Oh, serial killers - you rascally scamps with your elaborate murders and deep-rooted control issues. How we love you in our movies and books and TV shows. But we don't seem to love you so much in our games, do we? In the world of videogames, serial murderers are outnumbered by aliens, monsters, even Italian plumbers and velocitous hedgehogs. Why so coy in the gaming space, serial killers? There's one in Heavy Rain. A few lurking in RPG side-quests. A cannibal in Red Dead Redemption. And though plenty of games taunt the player with a serialist villain, it always turns out to be something more contrived: A vampire. A demon. Some sort of long-expected plumber/hedgehog team-up.
So what's your problem, crazy multi-murderer? Is there something about you and your colleagues that makes you a poor fit for videogames? The guy-who-kills-lots-of-folks genre is well established in other media. It broods within a tectonic crust of cliché so dense it's developed its own gravity. Is that the problem? Are your peculiar habits just not welcome on the far side of the controller? Let's take a look at some adjustment difficulties. Don't be scared. There is only love in this room.
Serial Killers Are Repetitive
We shouldn't hold that against them. Repetition is, after all, what makes a killer serial. But videogames need change like Hannibal Lecter needs fava beans. It's how they keep us from getting bored - they start simple and drip-feed new challenges and capabilities. But serial killers are static. Change is their enemy. A change in a killer's pattern is a big deal. It ups the stakes. It makes them unpredictable again. But it's so often their downfall - the clue the investigators need to catch them. It's a trick that can only be pulled once.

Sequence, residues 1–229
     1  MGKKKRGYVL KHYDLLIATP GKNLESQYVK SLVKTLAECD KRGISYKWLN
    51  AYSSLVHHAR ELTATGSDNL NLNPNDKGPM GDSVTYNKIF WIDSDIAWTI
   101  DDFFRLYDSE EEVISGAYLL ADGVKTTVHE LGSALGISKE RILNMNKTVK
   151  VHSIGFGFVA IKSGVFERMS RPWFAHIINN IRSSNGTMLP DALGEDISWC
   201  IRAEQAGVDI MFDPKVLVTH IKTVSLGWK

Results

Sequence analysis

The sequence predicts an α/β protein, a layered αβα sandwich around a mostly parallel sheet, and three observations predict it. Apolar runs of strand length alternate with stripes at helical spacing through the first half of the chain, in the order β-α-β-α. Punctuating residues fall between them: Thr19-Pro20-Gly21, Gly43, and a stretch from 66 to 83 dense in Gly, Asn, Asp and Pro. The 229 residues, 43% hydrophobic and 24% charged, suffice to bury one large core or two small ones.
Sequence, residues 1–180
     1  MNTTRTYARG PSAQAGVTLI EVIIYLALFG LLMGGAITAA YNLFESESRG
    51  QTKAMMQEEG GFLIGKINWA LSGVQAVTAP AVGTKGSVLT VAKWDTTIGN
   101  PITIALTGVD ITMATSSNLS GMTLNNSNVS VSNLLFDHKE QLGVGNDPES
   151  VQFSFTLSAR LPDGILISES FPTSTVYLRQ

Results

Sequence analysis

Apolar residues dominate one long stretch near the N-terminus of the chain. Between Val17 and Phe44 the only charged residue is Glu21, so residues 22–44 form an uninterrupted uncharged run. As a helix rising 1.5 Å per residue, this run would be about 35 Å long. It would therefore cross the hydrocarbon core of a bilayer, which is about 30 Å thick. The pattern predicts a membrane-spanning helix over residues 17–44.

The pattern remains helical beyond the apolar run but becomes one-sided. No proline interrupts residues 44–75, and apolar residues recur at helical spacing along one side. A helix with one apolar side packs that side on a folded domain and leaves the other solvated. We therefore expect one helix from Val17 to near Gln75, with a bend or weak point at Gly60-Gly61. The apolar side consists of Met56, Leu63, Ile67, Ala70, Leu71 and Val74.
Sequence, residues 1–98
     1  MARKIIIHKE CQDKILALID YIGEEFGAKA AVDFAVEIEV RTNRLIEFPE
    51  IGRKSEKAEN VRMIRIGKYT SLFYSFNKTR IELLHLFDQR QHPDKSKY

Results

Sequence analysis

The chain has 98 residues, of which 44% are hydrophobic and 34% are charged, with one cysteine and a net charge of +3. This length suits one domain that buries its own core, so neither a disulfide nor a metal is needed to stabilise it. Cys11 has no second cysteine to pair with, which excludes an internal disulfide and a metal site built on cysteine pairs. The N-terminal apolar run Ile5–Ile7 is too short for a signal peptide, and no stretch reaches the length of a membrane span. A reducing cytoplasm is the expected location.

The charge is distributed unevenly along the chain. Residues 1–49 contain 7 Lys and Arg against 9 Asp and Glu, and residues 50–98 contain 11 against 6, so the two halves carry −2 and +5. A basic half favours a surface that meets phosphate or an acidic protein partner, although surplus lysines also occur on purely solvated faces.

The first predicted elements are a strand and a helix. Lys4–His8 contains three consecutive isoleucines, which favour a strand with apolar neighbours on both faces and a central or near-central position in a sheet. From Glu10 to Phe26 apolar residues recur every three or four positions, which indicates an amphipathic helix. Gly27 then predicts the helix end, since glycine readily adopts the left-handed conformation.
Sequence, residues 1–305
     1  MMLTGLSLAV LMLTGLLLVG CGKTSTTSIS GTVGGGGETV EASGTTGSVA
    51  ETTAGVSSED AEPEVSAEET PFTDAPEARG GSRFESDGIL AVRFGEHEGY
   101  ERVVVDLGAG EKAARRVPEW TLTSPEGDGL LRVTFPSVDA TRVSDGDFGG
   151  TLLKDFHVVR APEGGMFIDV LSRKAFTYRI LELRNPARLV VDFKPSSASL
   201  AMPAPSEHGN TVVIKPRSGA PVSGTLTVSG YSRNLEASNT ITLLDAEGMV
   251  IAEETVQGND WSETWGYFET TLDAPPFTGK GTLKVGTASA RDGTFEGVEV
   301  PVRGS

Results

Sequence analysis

What's fundamentally frightening about the serial killer is the fear that the lottery of crazy in their head might spit out our name. Through no fault of our own, they might pull our brains through our noses and hang us dressed as a sheep from a local landmark. They're as indiscriminate as an earthquake - a natural disaster with a face. That's scary.
On the other hand, the lack of genuine motive is a problem in narrative terms. There's no real relationship with the victims. All those juicy reasons people kill for - jealousy, greed, fear, love - go unused. Motive is the interesting part of crime. That's why old school whodunits give the murderer a chance to monologue about why they dunit, and give it pride of place in the climax of the story.
Too often there's just one serial killer story to be told: Stop them, before they kill again. Since videogames are finding a wider audience and engaging people that a few years ago wouldn't have been seen dead thumbing a D-pad, they need to be branching out. They need more human emotion, not less.
The closest a serial killer story gets is to delve into a distorted worldview. That brings us to the next problem.